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It would be very clever for Apple to support this first party someday. BootCamp for the iPhone. Seems to have worked well on the Mac side. Few people buy MacBooks to run Windows but lots of people like the idea that they could run Windows if they needed to. There's probably far less demand on the SmartPhone side for this type of feature but ultimately if Apple is making all their money off hardware it may serve them well to support side-loading of Android someday.

One of the reason there are so many iphone apps is that the people developing the apps themselves own iphones. If everyone making iphone apps can port their apps to android and test them on the phone they already have, then there will be more android ports of iphone apps, which means less value in the iphone platform. That's why Apple will not encourage this.

Dubious, particularly if they're so hellbent (for better or for worse) on a specific user experience. Plus, all the little things - like, say, not having enough buttons to truly mimic the Android experience (which the video mentions in an offhand way and is probably less an issue for the sort of people who'd dual-boot an iPhone) would suddenly come into play if this were an actual supported mode of operation.

I'm sure as long as Steve Jobs runs Apple, that will never happen.

That was the same comment everyone made before Apple's official announcement of bootcamp and windows on the Mac.

I do agree it is unlikely, but I know that Apple learned that it was the choice and ability that was the big sell and people continue(d) to use Mac OS instead.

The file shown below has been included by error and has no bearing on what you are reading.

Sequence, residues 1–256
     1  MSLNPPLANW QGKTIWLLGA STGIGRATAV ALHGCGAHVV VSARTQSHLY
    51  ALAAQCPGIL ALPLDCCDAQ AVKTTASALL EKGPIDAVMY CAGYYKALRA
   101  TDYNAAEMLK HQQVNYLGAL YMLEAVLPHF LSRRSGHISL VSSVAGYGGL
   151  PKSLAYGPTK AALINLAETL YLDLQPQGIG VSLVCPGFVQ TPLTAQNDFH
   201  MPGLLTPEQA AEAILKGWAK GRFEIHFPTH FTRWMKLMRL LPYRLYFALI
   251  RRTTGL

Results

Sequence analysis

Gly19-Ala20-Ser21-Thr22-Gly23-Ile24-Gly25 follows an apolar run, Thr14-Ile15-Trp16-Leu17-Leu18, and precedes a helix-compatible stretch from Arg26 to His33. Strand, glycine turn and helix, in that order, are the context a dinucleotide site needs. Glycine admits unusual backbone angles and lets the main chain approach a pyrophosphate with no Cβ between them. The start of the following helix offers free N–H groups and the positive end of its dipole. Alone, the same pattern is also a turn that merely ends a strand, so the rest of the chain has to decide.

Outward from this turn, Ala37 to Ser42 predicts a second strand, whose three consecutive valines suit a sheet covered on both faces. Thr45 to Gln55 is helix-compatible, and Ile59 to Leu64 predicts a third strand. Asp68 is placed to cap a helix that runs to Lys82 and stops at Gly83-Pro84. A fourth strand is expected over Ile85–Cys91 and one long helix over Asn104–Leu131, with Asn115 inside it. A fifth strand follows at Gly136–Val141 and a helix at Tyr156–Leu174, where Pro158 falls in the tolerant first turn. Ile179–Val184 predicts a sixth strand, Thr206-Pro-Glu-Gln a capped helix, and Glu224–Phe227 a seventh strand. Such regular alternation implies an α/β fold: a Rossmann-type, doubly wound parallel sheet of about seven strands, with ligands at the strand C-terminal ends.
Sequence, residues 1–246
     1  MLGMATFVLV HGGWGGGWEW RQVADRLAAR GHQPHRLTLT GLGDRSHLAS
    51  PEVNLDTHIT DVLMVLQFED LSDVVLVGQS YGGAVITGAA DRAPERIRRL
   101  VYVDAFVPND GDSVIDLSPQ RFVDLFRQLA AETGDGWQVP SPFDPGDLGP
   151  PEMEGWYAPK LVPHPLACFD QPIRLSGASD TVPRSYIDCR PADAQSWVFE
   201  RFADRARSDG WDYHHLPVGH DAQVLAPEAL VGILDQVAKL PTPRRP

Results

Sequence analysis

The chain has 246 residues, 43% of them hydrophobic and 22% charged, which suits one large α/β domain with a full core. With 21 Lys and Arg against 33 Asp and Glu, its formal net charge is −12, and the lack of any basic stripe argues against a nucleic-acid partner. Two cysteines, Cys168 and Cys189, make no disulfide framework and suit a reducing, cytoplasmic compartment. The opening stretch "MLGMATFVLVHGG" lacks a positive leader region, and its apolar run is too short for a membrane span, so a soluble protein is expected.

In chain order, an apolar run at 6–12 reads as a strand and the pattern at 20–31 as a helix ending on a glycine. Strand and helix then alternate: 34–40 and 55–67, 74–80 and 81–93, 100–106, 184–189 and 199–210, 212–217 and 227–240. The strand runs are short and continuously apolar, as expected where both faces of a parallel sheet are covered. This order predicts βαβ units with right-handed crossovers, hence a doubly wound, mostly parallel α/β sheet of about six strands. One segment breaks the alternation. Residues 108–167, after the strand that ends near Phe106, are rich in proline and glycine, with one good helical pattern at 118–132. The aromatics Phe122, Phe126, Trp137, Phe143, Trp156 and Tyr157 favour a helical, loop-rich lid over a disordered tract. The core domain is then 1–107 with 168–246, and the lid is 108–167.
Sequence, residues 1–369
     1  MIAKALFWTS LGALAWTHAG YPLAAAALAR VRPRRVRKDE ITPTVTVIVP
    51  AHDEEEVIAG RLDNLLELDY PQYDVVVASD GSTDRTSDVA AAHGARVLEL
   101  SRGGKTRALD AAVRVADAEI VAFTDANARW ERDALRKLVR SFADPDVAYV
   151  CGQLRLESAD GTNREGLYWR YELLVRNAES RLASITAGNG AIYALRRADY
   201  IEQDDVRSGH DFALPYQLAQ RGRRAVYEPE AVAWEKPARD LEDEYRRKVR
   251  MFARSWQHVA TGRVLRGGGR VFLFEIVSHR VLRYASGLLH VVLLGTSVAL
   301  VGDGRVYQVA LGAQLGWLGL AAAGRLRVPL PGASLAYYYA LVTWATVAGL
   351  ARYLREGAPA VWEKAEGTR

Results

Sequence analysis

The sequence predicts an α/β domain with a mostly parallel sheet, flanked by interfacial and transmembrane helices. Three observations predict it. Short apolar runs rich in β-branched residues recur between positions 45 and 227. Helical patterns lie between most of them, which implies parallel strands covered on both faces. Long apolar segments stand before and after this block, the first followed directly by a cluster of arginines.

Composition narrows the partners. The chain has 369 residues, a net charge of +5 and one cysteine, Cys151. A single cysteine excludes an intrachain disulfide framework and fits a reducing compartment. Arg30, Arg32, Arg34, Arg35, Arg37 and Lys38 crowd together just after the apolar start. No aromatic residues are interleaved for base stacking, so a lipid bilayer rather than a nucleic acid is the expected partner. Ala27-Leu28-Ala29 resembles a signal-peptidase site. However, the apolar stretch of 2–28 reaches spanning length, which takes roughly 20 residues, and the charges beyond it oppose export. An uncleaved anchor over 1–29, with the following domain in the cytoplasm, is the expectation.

The decision to do bootcamp on Mac was strategic because there was a ton of software that was windows-only, and for many people a windows pc was necessary even if their primary computer was a mac.

In the case of mobile phones, Apple is way ahead in terms of third party software, so I think in their eyes allowing double-booting will not improve the iphone substantially.

"but ultimately if Apple is making all their money off hardware"

What on earth makes you think theyre making their money on the hardware?

"What on earth makes you think theyre making their money on the hardware?"

Check this graph: http://www.businessinsider.com/chart-of-the-day-in-case-you-...

My point is that when your average Joe buys an ipod, iphone or whatever theyre not buying a piece of hardware. They're buying the cultural cache of owning an Apple product. They're buying the seamless user experience (which comes more from the software by the way). They're buying the ability to show off a new toy to their jealous friends.

They're not buying a box of transistors, a quantity of RAM, a camera etc. The hardware is just a box used to deliver a shipment of easy to use, cool enhancement. That's what people are buying. Not hardware.

Apple could never charge what they do if people were just buying hardware. You buy comparable hardware for a fraction of the cost but it doesn't have the other emotional/social stuff and that's where Apple makes their money.

This graph isn't necessarily saying that they make all the money on hardware.

Each of the ipod, mac, iphone are a combination of apple hardware AND software. That isn't split out. Where the graph shows software, they are referring to things like final cut, iwork, etc.

Because they don't make it off the software


It's not just the hardware or the software. Apple is selling a fully integrated experience.

They sell emotions.

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